2014 - PCMH4E

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The practice has, and demonstrates use of, materials to support patients and families/caregivers in self-management and shared decision making. The practice:

4.E.1 Uses an EHR to identify patient-specific education resources and provide them to more than 10 percent of patients.

PCC EHR has built-in access to two libraries of patient education resources. The AAP’s Pediatric Patient Education library and the NLM’s MedlinePlus library give you instant access to handouts and current medical information on a wide range of topics.

4.E.2 Provides educational materials and resources to patients.

According to NCQA, educational programs and resources may include information about a medical condition or about the patient’s role in managing the condition. Resources include brochures, handout materials, videos, Web site links and pamphlets, as well as community resources (e.g., programs, support groups).

NCQA reviews at least three examples of resources.

4.E.3 Provides self-management tools to record self-care results.

According to NCQA, self-management tools enable patients to collect health information at home that can be discussed with the clinician. Patients with asthma may be asked to monitor peak flows and the self-management plan offers instructions for adjusting medications.

NCQA reviews at least three examples of self-management tools.

4.E.4 Adopts shared decision making aids.

According to NCQA, when a complex decision involves multiple options with features that people may value differently, a shared decision-making aid provides detailed information without advising the audience to choose one decision over another. From time to time, scientific evidence about options is limited. The purpose of SDMs is to help prepare patients to make informed, values-based decisions with their care team. More information and resources can be found through the International Patient Decision Aid Standards Collaboration (IPDASC).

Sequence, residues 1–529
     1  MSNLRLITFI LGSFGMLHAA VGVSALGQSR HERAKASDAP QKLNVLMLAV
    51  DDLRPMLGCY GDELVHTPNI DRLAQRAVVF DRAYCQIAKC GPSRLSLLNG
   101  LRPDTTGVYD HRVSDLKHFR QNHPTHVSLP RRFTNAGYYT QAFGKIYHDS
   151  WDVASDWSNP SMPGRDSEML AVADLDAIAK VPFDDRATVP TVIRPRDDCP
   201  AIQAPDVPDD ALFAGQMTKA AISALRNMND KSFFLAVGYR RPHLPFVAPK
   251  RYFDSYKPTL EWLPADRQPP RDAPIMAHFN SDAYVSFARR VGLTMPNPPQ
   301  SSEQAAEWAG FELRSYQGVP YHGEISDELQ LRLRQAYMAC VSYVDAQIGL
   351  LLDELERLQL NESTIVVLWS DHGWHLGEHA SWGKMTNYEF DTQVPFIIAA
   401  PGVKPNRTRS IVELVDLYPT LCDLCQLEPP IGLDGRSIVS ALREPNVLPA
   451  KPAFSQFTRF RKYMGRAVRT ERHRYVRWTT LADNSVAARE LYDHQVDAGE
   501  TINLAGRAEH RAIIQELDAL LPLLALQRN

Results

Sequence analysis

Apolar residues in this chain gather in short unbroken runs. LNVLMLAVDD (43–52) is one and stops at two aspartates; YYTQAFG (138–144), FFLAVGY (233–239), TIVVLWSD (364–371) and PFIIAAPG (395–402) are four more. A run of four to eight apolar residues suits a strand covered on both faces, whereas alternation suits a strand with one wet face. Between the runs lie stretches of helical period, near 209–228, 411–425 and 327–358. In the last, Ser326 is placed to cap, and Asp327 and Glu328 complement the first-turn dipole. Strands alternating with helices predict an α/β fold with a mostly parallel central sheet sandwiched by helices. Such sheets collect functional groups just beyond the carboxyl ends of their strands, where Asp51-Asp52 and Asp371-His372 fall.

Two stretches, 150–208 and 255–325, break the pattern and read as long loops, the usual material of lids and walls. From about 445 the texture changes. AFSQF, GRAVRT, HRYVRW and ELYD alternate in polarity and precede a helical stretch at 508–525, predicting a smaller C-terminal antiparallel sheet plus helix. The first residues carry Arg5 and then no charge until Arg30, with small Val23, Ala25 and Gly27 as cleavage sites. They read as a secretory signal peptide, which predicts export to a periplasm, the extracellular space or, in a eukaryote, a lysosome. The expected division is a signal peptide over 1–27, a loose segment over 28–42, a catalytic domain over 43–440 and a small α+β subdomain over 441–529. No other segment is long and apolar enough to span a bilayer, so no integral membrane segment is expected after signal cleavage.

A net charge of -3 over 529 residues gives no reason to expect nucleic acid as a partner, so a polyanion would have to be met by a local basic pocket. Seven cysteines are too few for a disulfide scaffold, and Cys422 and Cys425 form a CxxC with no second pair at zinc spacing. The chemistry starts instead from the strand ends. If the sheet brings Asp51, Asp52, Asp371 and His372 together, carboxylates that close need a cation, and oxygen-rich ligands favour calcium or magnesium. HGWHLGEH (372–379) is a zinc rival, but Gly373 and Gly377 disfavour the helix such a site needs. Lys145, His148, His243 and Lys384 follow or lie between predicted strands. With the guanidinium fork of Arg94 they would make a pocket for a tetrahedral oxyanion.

NCQA reviews at least three examples of shared decision making aids.

4.E.5 Offers or refers patients to structured health education programs, such as group classes and peer support.

According to NCQA, the practice would provide (or make available) health education classes, which may include alternative approaches such as peer-led discussion groups or shared medical appointments (i.e., multiple patients meet in a group setting for follow-up or routine care). These types of appointments may offer access to a multidisciplinary care team and allow patients to interact with and learn from each other.

4.E.6 Maintains a current resource list on five topics or key community service areas of importance to the patient population including services offered outside the practice and its affiliates.

NCQA lists these as possible resource topics or community service areas that may be pertinent to your practice:

  • Smoking cessation.
  • Weight management.
  • Exercise/physical activity.
  • Nutrition.
  • Parenting.
  • Dental.
  • Transportation to medical appointments.
  • Noncommercial health insurance options.
  • Obtaining prescription medications.
  •  Child development.
  • Child care.
  • Breastfeeding.

NCQA will review materials demonstrating that you provide at least 5 resources

4.E.7 Assesses usefulness of identified community resources.

According to NCQA, the practice reviews and requests feedback from patients/families/ caregivers about community referrals, to evaluate whether it identified sufficient and appropriate resources for its population over time. Community referrals differ from clinical referrals, but may be tracked using the same system.

NCQA will review a survey or other materials you've used to assess the usefulness of your identified community resources.